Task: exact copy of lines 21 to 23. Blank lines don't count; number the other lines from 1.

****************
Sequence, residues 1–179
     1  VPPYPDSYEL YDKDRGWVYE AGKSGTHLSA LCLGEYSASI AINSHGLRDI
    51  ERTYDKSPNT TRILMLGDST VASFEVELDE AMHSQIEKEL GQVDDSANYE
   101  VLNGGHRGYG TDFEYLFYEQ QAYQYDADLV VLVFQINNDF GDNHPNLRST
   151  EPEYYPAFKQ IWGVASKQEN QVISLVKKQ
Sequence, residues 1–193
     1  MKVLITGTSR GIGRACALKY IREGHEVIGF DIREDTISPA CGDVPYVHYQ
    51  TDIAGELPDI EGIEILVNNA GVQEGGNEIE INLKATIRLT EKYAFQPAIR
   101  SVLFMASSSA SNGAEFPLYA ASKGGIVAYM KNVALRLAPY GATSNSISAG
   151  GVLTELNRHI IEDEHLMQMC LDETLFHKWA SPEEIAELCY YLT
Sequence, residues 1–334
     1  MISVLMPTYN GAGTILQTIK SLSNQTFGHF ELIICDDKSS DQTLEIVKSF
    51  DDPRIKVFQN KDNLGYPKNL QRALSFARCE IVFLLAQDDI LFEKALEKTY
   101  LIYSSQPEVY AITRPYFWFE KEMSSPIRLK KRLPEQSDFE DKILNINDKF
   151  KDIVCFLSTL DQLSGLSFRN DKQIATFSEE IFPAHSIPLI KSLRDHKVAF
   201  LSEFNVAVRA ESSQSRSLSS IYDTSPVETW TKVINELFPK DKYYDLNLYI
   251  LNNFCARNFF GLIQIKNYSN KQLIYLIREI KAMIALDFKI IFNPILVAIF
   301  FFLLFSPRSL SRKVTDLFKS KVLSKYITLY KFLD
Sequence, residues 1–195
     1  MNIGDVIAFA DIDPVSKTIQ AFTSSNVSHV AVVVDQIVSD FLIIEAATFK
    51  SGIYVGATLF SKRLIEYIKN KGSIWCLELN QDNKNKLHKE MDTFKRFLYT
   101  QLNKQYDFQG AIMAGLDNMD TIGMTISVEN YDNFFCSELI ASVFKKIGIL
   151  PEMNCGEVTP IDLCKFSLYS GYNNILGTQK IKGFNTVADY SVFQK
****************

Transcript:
    51  SGIYVGATLF SKRLIEYIKN KGSIWCLELN QDNKNKLHKE MDTFKRFLYT
   101  QLNKQYDFQG AIMAGLDNMD TIGMTISVEN YDNFFCSELI ASVFKKIGIL
   151  PEMNCGEVTP IDLCKFSLYS GYNNILGTQK IKGFNTVADY SVFQK